Harbor seal

(Phoca vitulina)

Habitat and Distribution: Found near piers and beaches along temperate subarctic and Arctic coasts on both sides of the North Atlantic and North Pacific Oceans.

Size: 4.5-6.5 feet; 120-370 pounds. Males are larger than females.

Wild Diet: Fish, crustaceans, squid, octopuses, shrimp, and shelled mollusks.

Predators: Sharks, killer whales, polar bears, and humans.

Reproduction: Harbor seals return to the same breeding grounds every year and usually breed in the water. Males attract females with visual and vocal displays including slapping their bodies on the water, blowing bubbles, and vocalizing. Gestation is 9-11 months with a single pup born each year (twins are rare). Newborn pups weigh about 25 pounds and bond with their mothers within the first hour. They are nursed with high-fat milk that enables rapid growth and weaned after 4-6 weeks.

Behavior: Harbor seals can dive underwater in search of food for 3-5 minutes. They hunt alone but can be found in groups for breeding and when hauled out on land. They may haul out to rest, avoid predators, socialize, molt, nurse, or give birth. They tend to haul out on sandy or rocky beaches that are uncovered at low tide.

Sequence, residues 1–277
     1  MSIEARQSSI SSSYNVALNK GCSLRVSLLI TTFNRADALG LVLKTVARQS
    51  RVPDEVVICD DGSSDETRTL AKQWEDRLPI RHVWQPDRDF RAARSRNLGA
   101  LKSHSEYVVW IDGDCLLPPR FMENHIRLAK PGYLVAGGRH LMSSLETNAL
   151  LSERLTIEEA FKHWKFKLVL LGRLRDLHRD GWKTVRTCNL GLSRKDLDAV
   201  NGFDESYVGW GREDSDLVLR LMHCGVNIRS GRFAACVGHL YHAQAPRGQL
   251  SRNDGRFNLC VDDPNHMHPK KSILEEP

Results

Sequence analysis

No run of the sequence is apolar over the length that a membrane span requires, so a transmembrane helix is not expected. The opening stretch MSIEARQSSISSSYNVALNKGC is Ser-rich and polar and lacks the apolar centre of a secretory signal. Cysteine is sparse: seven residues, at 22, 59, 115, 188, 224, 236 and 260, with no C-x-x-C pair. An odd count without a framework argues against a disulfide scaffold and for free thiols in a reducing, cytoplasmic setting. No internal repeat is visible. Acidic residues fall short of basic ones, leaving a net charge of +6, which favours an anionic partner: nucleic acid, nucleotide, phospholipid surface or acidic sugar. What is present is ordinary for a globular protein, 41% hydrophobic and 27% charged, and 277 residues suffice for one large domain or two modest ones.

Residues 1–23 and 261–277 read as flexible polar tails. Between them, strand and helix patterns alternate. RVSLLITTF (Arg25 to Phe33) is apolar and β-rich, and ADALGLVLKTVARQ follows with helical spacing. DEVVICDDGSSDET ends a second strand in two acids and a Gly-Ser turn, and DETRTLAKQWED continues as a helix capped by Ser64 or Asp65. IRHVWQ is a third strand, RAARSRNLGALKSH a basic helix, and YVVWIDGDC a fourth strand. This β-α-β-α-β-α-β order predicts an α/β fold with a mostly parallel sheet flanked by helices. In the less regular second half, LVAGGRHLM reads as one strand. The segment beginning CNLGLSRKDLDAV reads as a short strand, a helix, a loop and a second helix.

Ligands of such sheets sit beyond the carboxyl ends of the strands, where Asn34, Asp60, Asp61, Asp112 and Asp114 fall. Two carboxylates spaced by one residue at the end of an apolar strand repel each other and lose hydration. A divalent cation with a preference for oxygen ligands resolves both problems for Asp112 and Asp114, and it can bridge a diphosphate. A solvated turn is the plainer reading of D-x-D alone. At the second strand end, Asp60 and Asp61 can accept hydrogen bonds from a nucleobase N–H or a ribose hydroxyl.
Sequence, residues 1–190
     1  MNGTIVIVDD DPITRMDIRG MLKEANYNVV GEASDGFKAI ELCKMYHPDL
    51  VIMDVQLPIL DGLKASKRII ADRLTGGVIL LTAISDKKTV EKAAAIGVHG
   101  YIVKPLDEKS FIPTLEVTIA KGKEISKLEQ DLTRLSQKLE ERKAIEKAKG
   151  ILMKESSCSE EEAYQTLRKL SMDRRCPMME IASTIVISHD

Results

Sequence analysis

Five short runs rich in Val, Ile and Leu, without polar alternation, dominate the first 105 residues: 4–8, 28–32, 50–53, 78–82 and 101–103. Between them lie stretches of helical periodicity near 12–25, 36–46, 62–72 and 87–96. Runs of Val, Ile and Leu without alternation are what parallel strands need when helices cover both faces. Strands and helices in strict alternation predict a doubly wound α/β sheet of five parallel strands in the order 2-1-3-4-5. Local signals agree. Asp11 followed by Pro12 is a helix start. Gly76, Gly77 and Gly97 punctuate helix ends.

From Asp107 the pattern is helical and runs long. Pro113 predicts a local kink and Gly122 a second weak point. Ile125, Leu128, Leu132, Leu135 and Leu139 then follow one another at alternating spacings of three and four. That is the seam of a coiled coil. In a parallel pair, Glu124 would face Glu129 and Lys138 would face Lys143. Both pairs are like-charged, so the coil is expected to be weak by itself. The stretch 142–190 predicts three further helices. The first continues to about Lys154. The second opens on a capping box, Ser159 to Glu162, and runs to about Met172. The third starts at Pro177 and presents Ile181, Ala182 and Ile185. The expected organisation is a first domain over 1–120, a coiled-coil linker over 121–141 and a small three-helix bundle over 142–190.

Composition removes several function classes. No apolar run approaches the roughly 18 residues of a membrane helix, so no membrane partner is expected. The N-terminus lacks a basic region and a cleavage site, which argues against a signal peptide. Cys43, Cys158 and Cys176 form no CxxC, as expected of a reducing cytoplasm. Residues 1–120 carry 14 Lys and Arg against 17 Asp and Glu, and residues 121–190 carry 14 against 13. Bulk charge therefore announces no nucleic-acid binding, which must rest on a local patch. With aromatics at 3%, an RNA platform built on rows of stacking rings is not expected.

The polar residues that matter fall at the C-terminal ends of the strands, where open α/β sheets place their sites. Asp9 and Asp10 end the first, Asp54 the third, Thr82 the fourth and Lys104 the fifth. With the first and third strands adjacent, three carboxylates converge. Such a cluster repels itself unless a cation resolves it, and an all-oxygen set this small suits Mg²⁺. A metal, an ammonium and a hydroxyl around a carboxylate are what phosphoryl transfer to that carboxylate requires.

IUCN Status: Least Concern

Harbor seals are widespread along a great range, but some subspecies (Phoca vitulina stejnegeri and Phoca vitulina mellonae) are on the brink of extinction. The main threats to harbor seals are fishing gear, oil spills, chemical pollution and harassment by humans. They are also hunted for their blubber, meat, fur, and skin. They have been protected by the Marine Mammal Protection Act (MMPA) since 1972.

Did you know?

  • If you see a lone seal pup on a beach, leave it alone and keep your distance. Although pups are able to swim, they can't thermoregulate (maintain body temperature) as well as adults, so they don't spend long periods of time in the water. A mother may leave her pup on shore to go fishing, but she will soon return.
  • They have large eyes with flattened corneas that allow them to take in more light and see well underwater.
  • Their whiskers detect sound waves, which helps them locate prey.